at the mid-point with the stool’s seat pointed upright and the three legs splayed out on the floor. With this simple cantilevered form, Marks has collapsed the representation of an object (a stool) and its shadow into one integrated element. Although simple in form, the stool silhouettes signify the artist’s complex conceptual inquiries into a myriad of dualities such as reality vs. illusion, presence vs. absence, and nature vs. artifice. In selecting a form that one identifies as a representation of a utilitarian object – a stool, Marks indirectly alludes to the presence (or absence) of the figure, or actor in the scene. However irrational the forms appear, Marks imposes a set of rules in the staging of these forms, placing each at a precise point along his “implied planes.” With a minimalist language, Marks constructs a thought-provoking scenario that furthers his investigation
of object and shadow and his philosophical inquiries of reality vs. illusion. Marks spoke of experiencing a moment of epiphany as a young artist when grappling with his own reality, contemplations that recall Plato and his Allegory of the Cave. When asked by Jean Milant about the significance of the shadows in relationship to the physicality of an object, Marks expressed that, for him, the shadow of an object means the object truly exists. In this installation, Marks confounds his own inquiry of reality vs. illusion by representing a three-dimensional form and (or) its shadow as a hybrid form – a flattened physical object that is untrue to the intrinsic nature of each. Although Marks insists that his ideas are straightforward and uncomplicated, a viewer that brings a knowledge of philosophy to the experience of viewing Marks’ works will be gratified by the elegance and lucidity of a visual language that may stand as a metaphor for the virtue of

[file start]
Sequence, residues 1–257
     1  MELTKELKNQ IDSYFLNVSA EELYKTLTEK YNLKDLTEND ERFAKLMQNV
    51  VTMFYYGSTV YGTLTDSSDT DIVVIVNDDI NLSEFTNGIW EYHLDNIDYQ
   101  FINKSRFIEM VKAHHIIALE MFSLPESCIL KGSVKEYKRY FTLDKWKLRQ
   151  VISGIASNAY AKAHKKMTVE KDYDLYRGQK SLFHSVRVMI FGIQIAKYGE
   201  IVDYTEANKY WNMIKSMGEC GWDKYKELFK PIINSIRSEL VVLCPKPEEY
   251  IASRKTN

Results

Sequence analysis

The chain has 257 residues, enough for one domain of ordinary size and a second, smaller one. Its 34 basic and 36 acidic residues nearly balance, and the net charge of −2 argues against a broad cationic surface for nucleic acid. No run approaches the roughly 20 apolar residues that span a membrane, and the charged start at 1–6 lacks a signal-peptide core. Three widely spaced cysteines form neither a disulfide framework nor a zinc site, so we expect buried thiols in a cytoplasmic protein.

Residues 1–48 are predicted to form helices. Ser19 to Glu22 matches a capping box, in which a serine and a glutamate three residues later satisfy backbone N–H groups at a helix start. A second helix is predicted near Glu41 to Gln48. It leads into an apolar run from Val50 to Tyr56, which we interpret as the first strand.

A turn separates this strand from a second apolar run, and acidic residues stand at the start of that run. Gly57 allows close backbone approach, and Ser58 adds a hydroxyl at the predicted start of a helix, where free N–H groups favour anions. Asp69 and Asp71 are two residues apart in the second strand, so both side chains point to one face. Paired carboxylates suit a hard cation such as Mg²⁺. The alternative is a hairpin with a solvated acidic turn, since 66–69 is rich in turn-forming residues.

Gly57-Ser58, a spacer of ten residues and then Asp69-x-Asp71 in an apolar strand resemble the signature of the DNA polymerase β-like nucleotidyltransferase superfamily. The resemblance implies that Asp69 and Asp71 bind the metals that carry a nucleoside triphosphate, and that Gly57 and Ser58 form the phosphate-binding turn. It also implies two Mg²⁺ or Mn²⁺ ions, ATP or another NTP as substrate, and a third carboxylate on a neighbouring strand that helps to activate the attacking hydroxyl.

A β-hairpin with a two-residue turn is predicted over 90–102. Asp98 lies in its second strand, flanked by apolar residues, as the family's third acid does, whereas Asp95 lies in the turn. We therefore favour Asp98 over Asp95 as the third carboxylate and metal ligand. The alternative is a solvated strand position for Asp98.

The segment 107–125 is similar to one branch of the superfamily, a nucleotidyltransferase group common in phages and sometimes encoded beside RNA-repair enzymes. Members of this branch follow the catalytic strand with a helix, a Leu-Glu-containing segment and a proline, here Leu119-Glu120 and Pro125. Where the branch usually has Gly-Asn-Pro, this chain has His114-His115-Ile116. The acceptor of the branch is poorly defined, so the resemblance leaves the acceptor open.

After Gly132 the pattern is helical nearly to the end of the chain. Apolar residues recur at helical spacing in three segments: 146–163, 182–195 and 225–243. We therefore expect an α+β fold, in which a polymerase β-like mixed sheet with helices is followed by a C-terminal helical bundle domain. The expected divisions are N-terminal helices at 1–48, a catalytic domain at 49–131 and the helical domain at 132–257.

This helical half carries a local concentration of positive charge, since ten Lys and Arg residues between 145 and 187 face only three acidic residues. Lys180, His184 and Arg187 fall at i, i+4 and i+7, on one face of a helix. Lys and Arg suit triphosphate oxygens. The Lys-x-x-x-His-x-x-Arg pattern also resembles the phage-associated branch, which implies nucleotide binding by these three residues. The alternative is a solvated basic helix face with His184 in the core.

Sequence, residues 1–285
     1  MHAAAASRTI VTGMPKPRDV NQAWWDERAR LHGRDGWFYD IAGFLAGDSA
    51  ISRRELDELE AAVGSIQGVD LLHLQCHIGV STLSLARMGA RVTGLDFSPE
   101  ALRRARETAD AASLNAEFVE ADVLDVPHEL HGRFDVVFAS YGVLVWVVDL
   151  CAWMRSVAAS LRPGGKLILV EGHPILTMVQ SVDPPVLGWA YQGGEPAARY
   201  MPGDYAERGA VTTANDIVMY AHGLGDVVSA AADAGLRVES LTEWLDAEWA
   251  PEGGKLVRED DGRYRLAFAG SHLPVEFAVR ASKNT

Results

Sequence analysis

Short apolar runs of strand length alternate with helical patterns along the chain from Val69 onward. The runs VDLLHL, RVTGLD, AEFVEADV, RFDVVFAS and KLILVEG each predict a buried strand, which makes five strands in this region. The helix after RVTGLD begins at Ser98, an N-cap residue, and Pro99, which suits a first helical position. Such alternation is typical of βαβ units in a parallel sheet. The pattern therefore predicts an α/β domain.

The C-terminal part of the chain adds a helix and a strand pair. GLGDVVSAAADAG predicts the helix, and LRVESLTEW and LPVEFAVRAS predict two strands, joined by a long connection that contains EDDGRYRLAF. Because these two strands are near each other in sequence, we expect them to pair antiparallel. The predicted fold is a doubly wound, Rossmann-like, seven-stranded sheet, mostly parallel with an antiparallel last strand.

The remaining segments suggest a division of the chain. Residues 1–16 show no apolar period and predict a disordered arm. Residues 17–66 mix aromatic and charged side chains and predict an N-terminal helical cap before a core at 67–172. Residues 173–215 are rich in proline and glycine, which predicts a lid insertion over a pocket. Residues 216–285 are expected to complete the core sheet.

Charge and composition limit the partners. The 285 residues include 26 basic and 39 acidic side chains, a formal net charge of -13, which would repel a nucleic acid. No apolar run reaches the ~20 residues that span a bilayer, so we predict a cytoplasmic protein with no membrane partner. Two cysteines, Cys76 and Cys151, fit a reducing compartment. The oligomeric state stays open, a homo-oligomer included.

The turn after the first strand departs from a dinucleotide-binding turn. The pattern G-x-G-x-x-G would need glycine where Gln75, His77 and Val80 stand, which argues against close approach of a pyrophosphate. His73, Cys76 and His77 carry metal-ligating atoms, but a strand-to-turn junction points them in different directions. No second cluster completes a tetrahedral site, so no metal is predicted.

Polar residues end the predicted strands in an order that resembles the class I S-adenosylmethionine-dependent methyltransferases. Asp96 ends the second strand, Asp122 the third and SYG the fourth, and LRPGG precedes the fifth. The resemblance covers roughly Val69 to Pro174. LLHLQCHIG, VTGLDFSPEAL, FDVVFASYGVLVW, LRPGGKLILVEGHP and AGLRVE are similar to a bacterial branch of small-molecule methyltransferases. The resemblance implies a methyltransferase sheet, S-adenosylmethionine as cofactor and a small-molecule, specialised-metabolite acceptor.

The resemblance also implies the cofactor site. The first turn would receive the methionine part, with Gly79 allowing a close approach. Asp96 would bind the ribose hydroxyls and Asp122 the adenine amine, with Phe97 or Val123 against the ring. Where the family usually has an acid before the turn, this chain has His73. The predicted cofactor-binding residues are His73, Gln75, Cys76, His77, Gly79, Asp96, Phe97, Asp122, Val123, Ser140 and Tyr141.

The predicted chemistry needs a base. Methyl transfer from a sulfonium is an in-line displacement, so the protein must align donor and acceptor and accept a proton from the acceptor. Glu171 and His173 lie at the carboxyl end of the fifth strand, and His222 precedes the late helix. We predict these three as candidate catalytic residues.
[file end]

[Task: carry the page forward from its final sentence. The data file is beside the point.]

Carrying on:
human intelligence and reasoning. Marks’ thoughtful and methodical artistic process makes visible those philosophical ideas and concepts that most often remain ethereal. (Note: At the time of writing this essay, important information regarding the original 1972 installation has yet to be gathered. Significantly, images of the original two-dimensional airbrushed works remain elusive. Marks’ conceptual language infers an important relationship between the sculptural forms and the series of two-dimensional works. Therefore, an accurate and thoughtful reflection of his 1972 exhibition will be further developed once these key missing materials are rediscovered.)
Bibliography Catalog L.A. Birth of an Art Capital 1955-1985, Centre Pompidou, Paris, 2006. Cirrus Gallery, exhibition archives and ephemera, Los Angeles. Jean Milant, “Interview with Robert Marks and Doug Edge,” Cirrus Gallery, Los Angeles, 2011. Morgan Neville, “The Cool School: The Story of the Ferus Art Gallery,” Arthouse Films, New York, 2007. Peter Schjeldahl, The Art World, “Way Out West,” The New Yorker, January 25, 2010, p. 76. Samuel Enoch Stumpf, Socrates to Sartre: A History of Philosophy, 2nd Edition, McGraw-Hill, New York, 1975. Joseph E. Young, “Los Angeles: Robert Marks,” Art International, Vol. XV/5, May 20, 1971.
Similitude Intro 1971
Similitude Intro 1971
Similitude 1 - 16 1971